ManxSPCA column: How animal hoarders can be helped

May 15, 2017


As seen on IOM Today


"Have you used the May Day bank holiday to have a good spring clean and general tidy-up?


We can all be forgiven for allowing our houses to get a bit untidy and cluttered, but spare a thought for those people who hoard - not least those who hoard animals - and whose homes become a health hazard.


Animal hoarding is defined as the keeping of a larger than usual number of pets, and the inability to properly care for them, alongside the complete denial that there is an issue.


Hoarding is usually linked to a mental health issue, such as obsessive compulsive disorder, addictive behaviour or dementia, rather than being deliberate cruelty towards animals, and hoarders are usually deeply attached to their pets.


Hoarders generally keep their pets in a domestic environment, although sometimes the individual concerned may class themselves as a ’rescue centre’.


They often believe their knowledge is superior to anyone else’s, and they can display characteristics of antisocial personality disorder.


The ManxSPCA has encountered several cases of animal hoarding over the last few years and it has worked closely with other agencies, such as the Department of Health and Social Care and the Salvation Army, to try to help the individuals concerned and their pets.


The end result has usually been an agreement to remove the majority of the animals (most usually cats) to Ard Jerkyll for neutering and rehoming, leaving a handful of pets with the owner.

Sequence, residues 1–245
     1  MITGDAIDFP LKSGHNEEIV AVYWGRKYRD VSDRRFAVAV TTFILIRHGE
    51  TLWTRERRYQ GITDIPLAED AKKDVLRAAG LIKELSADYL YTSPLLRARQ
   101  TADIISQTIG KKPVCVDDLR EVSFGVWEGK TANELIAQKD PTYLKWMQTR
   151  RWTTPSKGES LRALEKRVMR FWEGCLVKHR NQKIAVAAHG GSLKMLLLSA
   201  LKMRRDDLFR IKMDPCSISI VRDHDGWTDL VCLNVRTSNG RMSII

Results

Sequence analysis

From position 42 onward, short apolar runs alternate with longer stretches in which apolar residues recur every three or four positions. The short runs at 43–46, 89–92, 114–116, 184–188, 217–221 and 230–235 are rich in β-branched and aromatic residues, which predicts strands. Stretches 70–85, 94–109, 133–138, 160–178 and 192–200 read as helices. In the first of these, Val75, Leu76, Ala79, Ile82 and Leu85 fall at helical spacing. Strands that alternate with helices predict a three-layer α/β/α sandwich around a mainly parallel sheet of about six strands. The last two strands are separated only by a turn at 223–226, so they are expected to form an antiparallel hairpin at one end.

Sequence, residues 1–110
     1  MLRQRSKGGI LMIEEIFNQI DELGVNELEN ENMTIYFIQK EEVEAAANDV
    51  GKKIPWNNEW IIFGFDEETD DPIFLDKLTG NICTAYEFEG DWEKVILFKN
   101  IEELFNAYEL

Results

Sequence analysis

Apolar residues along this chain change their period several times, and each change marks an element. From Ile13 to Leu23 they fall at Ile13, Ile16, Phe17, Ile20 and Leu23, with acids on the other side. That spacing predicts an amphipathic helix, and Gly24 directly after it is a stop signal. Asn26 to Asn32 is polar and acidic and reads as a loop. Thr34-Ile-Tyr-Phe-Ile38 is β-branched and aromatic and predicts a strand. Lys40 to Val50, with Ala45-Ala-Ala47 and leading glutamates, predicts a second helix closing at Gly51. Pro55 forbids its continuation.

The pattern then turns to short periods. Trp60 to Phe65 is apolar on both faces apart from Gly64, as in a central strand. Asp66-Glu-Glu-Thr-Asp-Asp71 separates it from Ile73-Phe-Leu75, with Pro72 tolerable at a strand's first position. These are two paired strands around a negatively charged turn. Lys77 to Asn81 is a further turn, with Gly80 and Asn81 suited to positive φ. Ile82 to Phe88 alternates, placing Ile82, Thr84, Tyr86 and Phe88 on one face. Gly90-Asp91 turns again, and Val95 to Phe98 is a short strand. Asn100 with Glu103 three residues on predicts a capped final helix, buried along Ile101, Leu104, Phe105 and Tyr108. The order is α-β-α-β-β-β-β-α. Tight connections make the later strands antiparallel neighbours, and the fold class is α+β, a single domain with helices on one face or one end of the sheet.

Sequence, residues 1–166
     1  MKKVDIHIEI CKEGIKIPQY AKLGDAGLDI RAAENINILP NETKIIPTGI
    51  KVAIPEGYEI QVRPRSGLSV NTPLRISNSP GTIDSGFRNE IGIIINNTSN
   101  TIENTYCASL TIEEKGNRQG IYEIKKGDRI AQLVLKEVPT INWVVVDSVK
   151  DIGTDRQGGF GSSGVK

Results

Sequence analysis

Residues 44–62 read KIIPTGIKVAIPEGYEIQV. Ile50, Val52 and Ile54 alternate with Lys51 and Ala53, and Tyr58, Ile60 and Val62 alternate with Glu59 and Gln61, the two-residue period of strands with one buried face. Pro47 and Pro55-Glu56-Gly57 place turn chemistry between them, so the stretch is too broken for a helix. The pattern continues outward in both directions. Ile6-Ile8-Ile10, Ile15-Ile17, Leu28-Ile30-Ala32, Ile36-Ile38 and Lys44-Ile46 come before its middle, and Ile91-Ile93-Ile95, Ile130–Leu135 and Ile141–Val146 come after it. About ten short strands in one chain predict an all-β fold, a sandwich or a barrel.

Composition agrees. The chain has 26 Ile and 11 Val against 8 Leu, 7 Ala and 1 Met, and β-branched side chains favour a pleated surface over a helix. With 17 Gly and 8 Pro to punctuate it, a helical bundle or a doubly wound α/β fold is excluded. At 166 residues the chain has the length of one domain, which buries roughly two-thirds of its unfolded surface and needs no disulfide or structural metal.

Preventing hoarding and all other forms of cruelty to companion animals begins with fighting the overpopulation crisis.

Please ensure that your pets - and those of family, friends - are spayed or neutered.


Overpopulation issues also lead to feral cat problems, and pregnant feral cats and abandoned feral kittens have started to arrive at Ard Jerkyll in the last 10 days.


The kittens’ life chances are good, not least because dedicated staff take them home overnight and bottle-feed them every two hours.


Barry, pictured, was rejected by his terribly thin mother but has fought for life alongside his committed carer, Mike Thompson.


Mike has created a Snapchat site for Barry so that his daily antics can be seen on social media.


We don’t have any kittens ready for rehoming just yet, but if you are interested in adopting a kitten please fill out a home-finder questionnaire (available on the adoption pages of our website or from Ard Jerkyll) and forward it to the cattery team either by post or by e-mail (


Meanwhile over in the kennels the team have been incredibly enthusiastic in their support of Pauline Dolman and her organisation of the first ever TT Dog Walk Challenge that took place on April 30.


More than 30 dogs took part, each walking a mile of the course with their owners, passing on a dog lead as a relay baton.


Roxy, one of our rescue dogs, walked the first mile and thoroughly enjoyed herself.


She came to us as a stray but we have been able to check some records via her microchip and so we know she’s seven years old.


She is a beautifully marked black and white Staffie, who is super friendly and affectionate with everyone she meets.

She generally gets on with other dogs, as she proved on Sunday, and so we are more than happy to introduce her to a potential adopter’s existing dog.


An unbelievable amount of enthusiasm (from both dogs and humans) ensured the TT Dog Walk was a success, and the amount raised of more than £3,500 has exceeded Pauline’s expectations. Well done to everyone who took part.

If you are planning an event to raise funds for the society, no matter how big or small, and you would like some help, please e-mail Kerry on"


To read more about the TT Dog Walk Challenge see this week’s Manx Independent, which is in the shops now.




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